This was a very winnable game for the Texans, but with the line's inability to prevent pass-rushers from teeing off on Keenum, the offense was unable to do anything and the game was lost.
J.J. Watt: A
After having an off-game against the Rams last week, J.J. Watt really stepped it up this week. He was a force on the field, especially in the second half after Brian Cushing went down with his injury.
He led the Texans in tackles, gathered a tackle for loss, sacked Alex Smith and batted down a pass.
It was vintage Watt, and it very nearly led to a Texans' victory.
Earl Mitchell: A
After a few weeks of not making much of a noticeable impact, Earl Mitchell recovered and put together one of the best Houston nose tackle performances in recent memory.
He was a force in the offensive backfield, picking up both a sack and a tackle for loss. He was all over the place and was giving the Chiefs' offensive line fits throughout the entire game.
Antonio Smith: D
Asides from almost pressuring Alex Smith a few times, Antonio Smith disappeared in this one. He made virtually no impact in both the run defense and the pass rush.
If Smith continues to struggle like he did this week, the Texans' pass rush will increasingly rely on Watt and will remain a liability.
Brian Cushing: INC
After suffering what appeared to be a catastrophic knee injury when Jamaal Charles dove at his left knee, it has been confirmed by John Breech of CBS Sports that Brian Cushing will undergo season-ending injury due to a broken leg and a torn LCL.
This is a crushing blow to the Texans defense, and it will haunt the team for the rest of the season.
Whitney Mercilus: D
The key to shutting down Alex Smith? Get to him fast and negate his ability to make plays happen with his feet.
Unfortunately, Whitney Mercilus, one of the Texans' main pass-rushers, was unable to even come close to pressuring Smith. He was a non-factor throughout the entire game, and he definitely hurt the defense.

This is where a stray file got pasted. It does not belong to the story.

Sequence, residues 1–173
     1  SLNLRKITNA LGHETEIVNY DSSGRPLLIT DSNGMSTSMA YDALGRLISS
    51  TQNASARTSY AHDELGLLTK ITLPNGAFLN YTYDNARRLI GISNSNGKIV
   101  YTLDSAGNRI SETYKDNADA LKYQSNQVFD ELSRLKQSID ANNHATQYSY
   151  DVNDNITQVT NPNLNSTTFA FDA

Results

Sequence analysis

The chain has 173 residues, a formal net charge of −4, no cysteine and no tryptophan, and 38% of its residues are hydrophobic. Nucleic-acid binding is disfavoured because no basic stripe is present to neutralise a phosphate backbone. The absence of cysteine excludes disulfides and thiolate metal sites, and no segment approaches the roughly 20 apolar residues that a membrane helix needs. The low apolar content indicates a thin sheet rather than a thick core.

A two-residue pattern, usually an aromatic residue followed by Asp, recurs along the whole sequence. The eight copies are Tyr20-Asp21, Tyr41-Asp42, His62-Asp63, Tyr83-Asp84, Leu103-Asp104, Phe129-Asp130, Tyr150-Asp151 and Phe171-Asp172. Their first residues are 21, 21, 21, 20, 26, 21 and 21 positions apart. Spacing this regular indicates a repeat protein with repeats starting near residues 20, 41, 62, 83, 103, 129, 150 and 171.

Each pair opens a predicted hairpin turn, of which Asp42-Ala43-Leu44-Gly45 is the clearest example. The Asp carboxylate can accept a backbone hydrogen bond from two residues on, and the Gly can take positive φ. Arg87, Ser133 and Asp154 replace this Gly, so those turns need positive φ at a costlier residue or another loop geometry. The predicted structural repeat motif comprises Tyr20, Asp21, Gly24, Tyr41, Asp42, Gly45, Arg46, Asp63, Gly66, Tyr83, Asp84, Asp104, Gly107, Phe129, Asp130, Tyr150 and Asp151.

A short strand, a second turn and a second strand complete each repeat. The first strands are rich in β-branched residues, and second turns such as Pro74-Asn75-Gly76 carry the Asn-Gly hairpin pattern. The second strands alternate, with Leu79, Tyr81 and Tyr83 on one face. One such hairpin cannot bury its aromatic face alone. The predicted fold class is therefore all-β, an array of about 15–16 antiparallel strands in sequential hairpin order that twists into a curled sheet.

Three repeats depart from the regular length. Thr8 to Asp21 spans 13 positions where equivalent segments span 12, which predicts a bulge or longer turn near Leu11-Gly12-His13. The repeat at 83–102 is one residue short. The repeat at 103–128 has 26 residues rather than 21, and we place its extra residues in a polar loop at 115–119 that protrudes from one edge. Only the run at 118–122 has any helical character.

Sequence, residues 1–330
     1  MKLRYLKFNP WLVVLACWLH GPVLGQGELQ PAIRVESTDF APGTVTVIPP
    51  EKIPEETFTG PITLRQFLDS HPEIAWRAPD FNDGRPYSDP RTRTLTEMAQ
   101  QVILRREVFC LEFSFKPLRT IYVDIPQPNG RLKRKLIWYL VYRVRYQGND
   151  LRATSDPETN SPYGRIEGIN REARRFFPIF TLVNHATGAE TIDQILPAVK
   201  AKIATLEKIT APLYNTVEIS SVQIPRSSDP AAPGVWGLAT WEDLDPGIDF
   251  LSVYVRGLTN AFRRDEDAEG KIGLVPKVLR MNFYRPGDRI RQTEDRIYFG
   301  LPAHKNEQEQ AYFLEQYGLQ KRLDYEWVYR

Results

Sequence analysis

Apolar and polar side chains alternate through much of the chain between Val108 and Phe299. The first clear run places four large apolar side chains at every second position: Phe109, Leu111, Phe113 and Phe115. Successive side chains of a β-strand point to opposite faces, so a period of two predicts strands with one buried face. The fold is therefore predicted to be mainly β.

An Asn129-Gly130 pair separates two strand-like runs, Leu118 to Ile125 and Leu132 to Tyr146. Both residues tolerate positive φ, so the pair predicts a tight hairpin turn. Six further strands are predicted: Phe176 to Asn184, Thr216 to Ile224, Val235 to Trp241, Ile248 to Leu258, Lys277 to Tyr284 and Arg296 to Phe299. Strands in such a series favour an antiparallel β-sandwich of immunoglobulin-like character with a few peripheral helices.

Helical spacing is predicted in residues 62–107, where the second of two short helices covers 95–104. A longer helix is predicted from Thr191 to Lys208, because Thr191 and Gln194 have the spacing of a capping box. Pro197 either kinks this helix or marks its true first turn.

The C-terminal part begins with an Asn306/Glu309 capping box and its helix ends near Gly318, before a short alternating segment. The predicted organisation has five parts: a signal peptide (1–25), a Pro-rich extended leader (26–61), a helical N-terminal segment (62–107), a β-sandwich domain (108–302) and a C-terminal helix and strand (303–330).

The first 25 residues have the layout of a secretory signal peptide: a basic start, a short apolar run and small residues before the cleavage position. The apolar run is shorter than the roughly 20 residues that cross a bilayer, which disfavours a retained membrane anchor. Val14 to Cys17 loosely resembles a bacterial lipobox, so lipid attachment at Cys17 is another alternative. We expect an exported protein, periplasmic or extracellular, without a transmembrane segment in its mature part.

Brooks Reed: C-
Like Mercilus, Brooks Reed was not able to pressure Alex Smith on a consistent basis. He was, however, much more effective than Mercilus, and he had a few nice tackles against the run.
Joe Mays/Darryl Sharpton: D-
The Chiefs ran all over the Texans, and the main reason for it was that Joe Mays and Darryl Sharpton were unable to fill their gaps and make plays.
The play of the two linebackers killed the Texans defense, and it's a scary thought that they will be the two starters going forward due to Brian Cushing's injury.
Johnathan Joseph: A
Johnathan Joseph continued his solid play, and he was one of the few members in the Texans secondary whom Alex Smith was unable to pick on.
Kareem Jackson: A
Like Joseph, Kareem Jackson was solid in coverage and hardly let anything get thrown his way. He also had several very good tackles that prevented big plays.
Brice McCain: C
Brice McCain, once again, let the Texans' secondary down. He was unable to keep up with his assignments, and Alex Smith was routinely able to throw his way.
Ed Reed: C-
Ed Reed, the supposed ball hawk who was supposed to turn the Texans secondary around, did nothing but hurt them in this one. He struggled to guard his assignments, and he gave up multiple first downs.
D.J. Swearinger: C
Making his first start this season, the Texans' second-round pick was neither impressive nor terrible. He gave up a few passing plays, but overall, he did not really hurt the Texans secondary.
Swearinger, however, is supposed to be a force against the run, and he did not do much to slow Jamaal Charles down.
Shiloh Keo: B+
Despite having an average day in coverage, Shiloh Keo had a huge interception that prevented a possible Chiefs field goal and gave the Texans a chance to win the game.
Randy Bullock: A
After struggling for much of the season, Randy Bullock looked great tonight, nailing down both of his long-range field goals and another, shorter one.
Shane Lechler: A
Shane Lechler continued to punt the ball excellently for the Texans, averaging nearly 50 yards per punt and placing three of his five punts within the 20-yard line.
The Texans' coverage, as it has been for all of this season and all of last year, was absolutely horrendous. It was almost a guarantee that the Chiefs would rip off a huge gain on each return and give their offense incredible field position.
All signs point to Joe Marciano as the cause of the coverage woes, and it is a shock that he has not yet been fired.